EMILIANOS TIMIADIS [Metropolitan of Silyvria]|
A Lesson from the Byzantine Missionaries
Responsibility of the church to the local culture.
There is no place in the church of God for liturgical uniformity , cultural domination, colonialism, brutal conformism or a uniformity, forcibly imposing worship and theological expressions upon others. We may envisage this harmonization of different colors as a mosaic. Equally, it would be absurd to condemn other Christians who prefer this or that liturgical expression, this form of language, this kind of liturgical singing and music. This is not Orthodoxy. Spirituality can be expressed in different ways and must not be taken to mean a stereotyped form of piety, otherwise the human element is overstated as a compared with the divine at the expense of unity and the spreading of the gospel. By overstressing marginal secondary elements, we promote them to absolutes and essentials while in reality there exists a dialectic synthesis and harmony.
It was precisely this ignoring of cultural aspirations and the pluralism in humanity that manifested itself in the monolithic attitude of the Latin church when it adamantly insisted on Latin remaining to compulsory language in the worship of newly-converted nations, such as Bulgaria and elsewhere, creating the consequent split. Photius protested in an encyclical in 867 and denounced the anachronistic steps of Rome. The conflict was seemingly over evangelistic methodology and deontology, but behind it was the Roman claim to primacy of universal jurisdiction. It accentuated the conflict between the Roman claim to be the center of unity for Christendom and the Eastern Orthodoxy conception of the five patriarchates of almost equal status.
There is a deeper and more objective approach to theology and culture as a way of life that owes its origin to the early fathers of the east. Such a work is both indigenous and fruitful. Our faith and worship has to be expressed and reinterpreted through the language and the gestures, the customs of contemporary peoples scattered throughout the world. This was the extraordinary achievement of Patriarch Photius, seeking to integrate various Slavonic customs in religion and in liturgical life. Such an approach to inculturation remains a continuous responsibility. The church of today, especially that in diaspora and overseas, is urgently seeking a diachronic and synchronic liturgy, preaching theology and spirituality that will embody the best traditions of local culture.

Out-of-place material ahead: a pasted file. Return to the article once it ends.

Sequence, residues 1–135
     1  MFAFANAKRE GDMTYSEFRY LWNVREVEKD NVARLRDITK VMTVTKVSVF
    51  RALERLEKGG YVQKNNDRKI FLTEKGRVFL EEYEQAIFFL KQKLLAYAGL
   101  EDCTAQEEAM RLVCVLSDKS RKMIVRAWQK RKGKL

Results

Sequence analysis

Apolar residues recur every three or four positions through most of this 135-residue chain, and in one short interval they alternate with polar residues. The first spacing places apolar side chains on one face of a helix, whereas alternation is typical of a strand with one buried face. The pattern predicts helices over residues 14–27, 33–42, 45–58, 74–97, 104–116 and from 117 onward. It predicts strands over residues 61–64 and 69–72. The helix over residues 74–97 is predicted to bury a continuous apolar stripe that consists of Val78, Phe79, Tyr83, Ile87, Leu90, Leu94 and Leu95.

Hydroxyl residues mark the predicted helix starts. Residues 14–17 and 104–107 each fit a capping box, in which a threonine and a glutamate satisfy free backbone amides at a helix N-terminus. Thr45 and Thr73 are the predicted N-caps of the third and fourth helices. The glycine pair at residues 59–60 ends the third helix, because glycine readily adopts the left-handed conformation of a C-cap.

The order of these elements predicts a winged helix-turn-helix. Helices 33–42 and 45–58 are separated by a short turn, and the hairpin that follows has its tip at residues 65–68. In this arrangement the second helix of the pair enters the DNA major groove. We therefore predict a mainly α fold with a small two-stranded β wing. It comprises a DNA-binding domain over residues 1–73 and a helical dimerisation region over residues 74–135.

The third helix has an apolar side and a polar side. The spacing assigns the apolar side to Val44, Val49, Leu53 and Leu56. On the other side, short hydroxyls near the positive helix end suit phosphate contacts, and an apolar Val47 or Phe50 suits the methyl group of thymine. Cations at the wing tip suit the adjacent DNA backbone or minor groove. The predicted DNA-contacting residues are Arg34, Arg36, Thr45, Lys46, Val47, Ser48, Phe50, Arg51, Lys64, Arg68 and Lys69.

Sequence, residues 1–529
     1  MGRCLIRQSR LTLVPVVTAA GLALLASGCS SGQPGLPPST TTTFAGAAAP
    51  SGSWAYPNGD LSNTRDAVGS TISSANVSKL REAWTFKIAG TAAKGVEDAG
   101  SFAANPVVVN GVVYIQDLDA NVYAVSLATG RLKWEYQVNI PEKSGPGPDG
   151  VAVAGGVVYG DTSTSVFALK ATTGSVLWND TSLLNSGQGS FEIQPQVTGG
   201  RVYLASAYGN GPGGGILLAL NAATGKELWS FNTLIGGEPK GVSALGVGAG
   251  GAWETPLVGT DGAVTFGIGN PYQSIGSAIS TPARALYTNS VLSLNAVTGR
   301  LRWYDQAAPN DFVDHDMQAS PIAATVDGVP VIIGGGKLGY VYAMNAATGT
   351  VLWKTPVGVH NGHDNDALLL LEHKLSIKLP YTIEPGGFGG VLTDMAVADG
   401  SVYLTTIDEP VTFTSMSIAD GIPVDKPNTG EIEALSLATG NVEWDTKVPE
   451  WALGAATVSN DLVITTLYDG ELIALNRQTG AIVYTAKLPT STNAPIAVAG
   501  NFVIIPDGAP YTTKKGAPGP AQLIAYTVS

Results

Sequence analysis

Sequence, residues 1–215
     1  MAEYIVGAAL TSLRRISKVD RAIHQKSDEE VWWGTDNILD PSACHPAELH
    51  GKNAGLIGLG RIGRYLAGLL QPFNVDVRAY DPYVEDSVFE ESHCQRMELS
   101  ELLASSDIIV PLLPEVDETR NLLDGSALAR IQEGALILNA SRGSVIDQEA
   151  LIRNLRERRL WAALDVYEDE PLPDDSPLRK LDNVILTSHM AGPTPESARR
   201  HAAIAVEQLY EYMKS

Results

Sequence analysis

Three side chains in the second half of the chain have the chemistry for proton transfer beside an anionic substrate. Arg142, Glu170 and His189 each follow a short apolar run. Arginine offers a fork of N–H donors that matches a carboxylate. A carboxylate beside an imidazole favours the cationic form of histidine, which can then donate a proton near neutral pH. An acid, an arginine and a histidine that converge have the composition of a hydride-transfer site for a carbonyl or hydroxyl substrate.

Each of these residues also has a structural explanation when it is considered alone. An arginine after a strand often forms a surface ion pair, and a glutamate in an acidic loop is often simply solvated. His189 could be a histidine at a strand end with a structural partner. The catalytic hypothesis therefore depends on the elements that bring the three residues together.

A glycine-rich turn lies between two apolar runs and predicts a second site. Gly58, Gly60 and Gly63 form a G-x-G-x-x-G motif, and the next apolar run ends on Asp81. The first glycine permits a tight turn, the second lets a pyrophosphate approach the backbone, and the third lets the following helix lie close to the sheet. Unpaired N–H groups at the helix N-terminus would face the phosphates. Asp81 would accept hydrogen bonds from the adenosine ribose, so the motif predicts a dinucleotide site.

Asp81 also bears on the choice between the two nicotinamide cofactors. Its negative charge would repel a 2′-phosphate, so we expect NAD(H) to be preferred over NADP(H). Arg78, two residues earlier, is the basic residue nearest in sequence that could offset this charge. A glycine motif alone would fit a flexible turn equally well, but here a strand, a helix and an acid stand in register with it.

These two brothers, left to our age, called technological, electronic, nuclear, spatial, revolutionary, an everlasting model of how preaching and evangelism should be in every historical period of change. While the central message will remain untouched and unchangeable, its language, form, semantic expression and terminology should always be reviewed, adapted to new emerging needs. Human beings, while remaining the same throughout history, from other aspects –cultural and intellectual- undergo considerable change, inviting appointed pastors to give more attention than they usually do to the methods used, to the language employed and to how they ought to speak in order to awaken apathy and sleepy consciences. Without absolutizing methods and informatique, from this new science, nevertheless, we are not at all excused, if we rely exclusively on old outdated patterns of our fathers, irrelevant today. Certainly they were valid in their time, but not for today. We need to become flexible, contemporary. We must, as an imperative challenge, stand with one leg in the past, in history, but we have to put the other leg into the present, with all that that implies and demands, for a proper articulation of our faith to the people. Only then will the proclamation of our faith become effective and credible.